Learning When to Say No
by: Mandy B. Anderson
The room was dimly lit as I sat at my desk staring at the computer screen, cell phone in hand. My weekly coaching call with my mentor had just ended and I was speechless.
Scale back? Work less hours and get rid of some extra activities? How in the world was that supposed to help me?
There was a part of me that felt relieved. Someone had finally given me permission to say “no” to things that had been making me anxious and exhausted. They weren’t bad things; volunteering at church as the women’s event coordinator was really fun. But it took more time than I had planned. Building my business wasn’t bad either, but it consumed my every waking thought and the pressure to succeed overwhelmed me. My health was taking a toll too. I had just gotten out of the hospital a few months ago and my coach lovingly pointed out to me that this path I was on would only lead me back there again…faster.
Also, I couldn’t remember the last time my husband and I had a real date. “What is he even doing tonight?” I wondered. As I doodled on my notepad in the dark, I realized there was another part of me that something else. Fear. I was afraid that I would fail. Afraid I would let people down. Afraid I would never be enough, have enough, do enough.
My coach asked me to trust her and against all my natural feelings to run the other way and figure out a better solution on my own, I chose a new route. I humbled myself to the authority and wisdom of my coach and followed her instruction.
Had I not obeyed that simple challenge four years ago, you would not be reading these words today. On that chilly January evening, she taught me a valuable lesson that strengthened me. She taught me when to say no.
You see, we live in a fast paced world. People can reach us faster and easier than ever before. Emails, Facebook, text messages, and tweets all pile up on top of our already busy lives. The kids need our attention, our husbands need our love and support, our friends want to find time for coffee. Somewhere in the middle of it all we lose sight of ourselves and who God designed us to be.
Many “opportunities” show up promising rewards of feeling great, helping others, and being successful only to leave us feeling alone, exhausted, frazzled, and overwhelmed. Let me clarify something: it’s okay to help others. It’s okay to be successful. It’s okay to feel great. But when we do it all at the expense of our mental health, physical health, our marriage, our kids, and our time with God, it’s not okay.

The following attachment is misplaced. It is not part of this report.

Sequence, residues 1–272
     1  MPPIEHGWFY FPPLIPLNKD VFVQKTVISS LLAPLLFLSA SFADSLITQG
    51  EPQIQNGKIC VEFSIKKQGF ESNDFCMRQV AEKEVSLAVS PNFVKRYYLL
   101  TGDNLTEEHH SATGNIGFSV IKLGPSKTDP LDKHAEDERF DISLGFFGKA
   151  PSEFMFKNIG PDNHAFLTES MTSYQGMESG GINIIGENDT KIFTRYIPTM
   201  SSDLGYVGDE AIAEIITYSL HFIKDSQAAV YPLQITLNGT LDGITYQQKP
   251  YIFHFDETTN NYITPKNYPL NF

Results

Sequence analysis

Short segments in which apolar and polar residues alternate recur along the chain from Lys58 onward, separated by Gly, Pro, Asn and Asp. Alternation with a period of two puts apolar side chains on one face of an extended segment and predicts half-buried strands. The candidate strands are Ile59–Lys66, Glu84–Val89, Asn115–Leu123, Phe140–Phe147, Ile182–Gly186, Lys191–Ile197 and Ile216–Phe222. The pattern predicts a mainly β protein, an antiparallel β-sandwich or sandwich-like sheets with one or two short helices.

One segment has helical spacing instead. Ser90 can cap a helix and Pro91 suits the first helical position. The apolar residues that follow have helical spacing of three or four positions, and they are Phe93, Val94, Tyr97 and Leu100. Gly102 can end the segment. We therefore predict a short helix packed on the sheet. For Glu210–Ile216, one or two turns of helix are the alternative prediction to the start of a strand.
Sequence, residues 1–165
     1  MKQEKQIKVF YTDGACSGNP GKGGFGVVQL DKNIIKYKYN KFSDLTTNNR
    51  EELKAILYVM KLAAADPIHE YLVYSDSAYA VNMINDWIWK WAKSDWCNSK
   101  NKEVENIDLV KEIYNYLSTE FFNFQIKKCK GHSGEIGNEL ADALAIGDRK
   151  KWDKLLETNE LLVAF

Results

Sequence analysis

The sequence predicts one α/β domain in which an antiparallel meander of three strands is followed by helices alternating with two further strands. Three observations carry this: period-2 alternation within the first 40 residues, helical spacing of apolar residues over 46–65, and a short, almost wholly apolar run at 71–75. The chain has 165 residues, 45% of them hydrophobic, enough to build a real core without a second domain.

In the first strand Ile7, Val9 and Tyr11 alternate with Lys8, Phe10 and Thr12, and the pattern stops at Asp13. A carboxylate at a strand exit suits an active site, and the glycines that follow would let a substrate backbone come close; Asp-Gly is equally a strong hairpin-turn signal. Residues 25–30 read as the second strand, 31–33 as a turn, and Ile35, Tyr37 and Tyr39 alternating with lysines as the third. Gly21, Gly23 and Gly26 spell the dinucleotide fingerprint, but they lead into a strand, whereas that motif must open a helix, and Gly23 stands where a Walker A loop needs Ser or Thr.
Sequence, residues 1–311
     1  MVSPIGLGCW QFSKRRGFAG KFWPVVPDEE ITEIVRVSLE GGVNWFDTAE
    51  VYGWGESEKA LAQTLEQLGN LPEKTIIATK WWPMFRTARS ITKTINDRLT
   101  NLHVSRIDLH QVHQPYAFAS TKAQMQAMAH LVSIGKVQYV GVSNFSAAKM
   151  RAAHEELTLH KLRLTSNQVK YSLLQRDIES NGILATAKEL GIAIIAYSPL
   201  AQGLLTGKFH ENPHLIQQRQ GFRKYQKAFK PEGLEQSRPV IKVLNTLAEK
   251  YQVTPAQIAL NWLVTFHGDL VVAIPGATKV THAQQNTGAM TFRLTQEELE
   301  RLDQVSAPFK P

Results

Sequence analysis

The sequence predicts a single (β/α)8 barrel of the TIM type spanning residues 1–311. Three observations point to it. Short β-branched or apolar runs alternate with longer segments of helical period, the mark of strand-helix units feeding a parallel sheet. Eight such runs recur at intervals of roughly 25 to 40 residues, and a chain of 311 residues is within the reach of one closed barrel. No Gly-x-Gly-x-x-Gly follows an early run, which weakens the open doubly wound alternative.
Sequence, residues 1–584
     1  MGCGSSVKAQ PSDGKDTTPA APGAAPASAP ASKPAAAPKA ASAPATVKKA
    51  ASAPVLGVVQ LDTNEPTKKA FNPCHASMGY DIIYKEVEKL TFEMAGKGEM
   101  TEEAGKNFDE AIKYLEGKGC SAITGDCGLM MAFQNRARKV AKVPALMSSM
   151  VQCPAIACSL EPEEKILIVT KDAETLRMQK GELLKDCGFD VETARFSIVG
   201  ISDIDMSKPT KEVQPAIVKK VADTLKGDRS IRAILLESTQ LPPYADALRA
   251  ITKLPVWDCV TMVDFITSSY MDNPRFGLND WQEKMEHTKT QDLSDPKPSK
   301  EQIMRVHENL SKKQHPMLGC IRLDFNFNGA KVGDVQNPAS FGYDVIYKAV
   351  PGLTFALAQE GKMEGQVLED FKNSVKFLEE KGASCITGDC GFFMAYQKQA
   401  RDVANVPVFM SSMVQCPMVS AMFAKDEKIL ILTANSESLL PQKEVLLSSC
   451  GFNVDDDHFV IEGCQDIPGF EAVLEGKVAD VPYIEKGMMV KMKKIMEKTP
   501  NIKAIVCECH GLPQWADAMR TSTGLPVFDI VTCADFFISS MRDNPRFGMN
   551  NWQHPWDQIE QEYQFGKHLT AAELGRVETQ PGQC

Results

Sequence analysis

Until we are walking 100% in who God designed us to be, we can never fully live the life God planned for us; we can never really help others to the best of our ability. So we must be intentional and get back to the basics. We must build a strong foundation and then add in the rest from there. That means learning when to say no to something that doesn’t fully line up with our priorities or goals. It means asking God for wisdom to know what to say yes to and what to walk away from. Some things will stay and others will need to be let go of for a season or forever.
And this is the perfect time to begin. Right now. Today.
It’s healthy to set up boundaries. It’s healthy to know when to say no. Let’s aim for beginning new habits that last a lifetime. Let’s set ourselves up for success by protecting our priorities and the dreams that God has given us.
To help you start today, I encourage you to take a few moments to reflect on these questions, and share your answers in the comment section below:
- What are the things in your life that make you feel frazzled, exhausted, alone, overwhelmed, and just plain old spread too thin?
- If you could wake up tomorrow and do anything, what would you do?
- What is something you’ve wanted to let go of, but have been afraid to because of what others might think?
- What is something you’ve always wanted to do, but haven’t because you’ve been afraid of what others would say?
- What are your TOP 3 PRIORITIES for 2015?
May you be blessed, be healthy, and be inspired.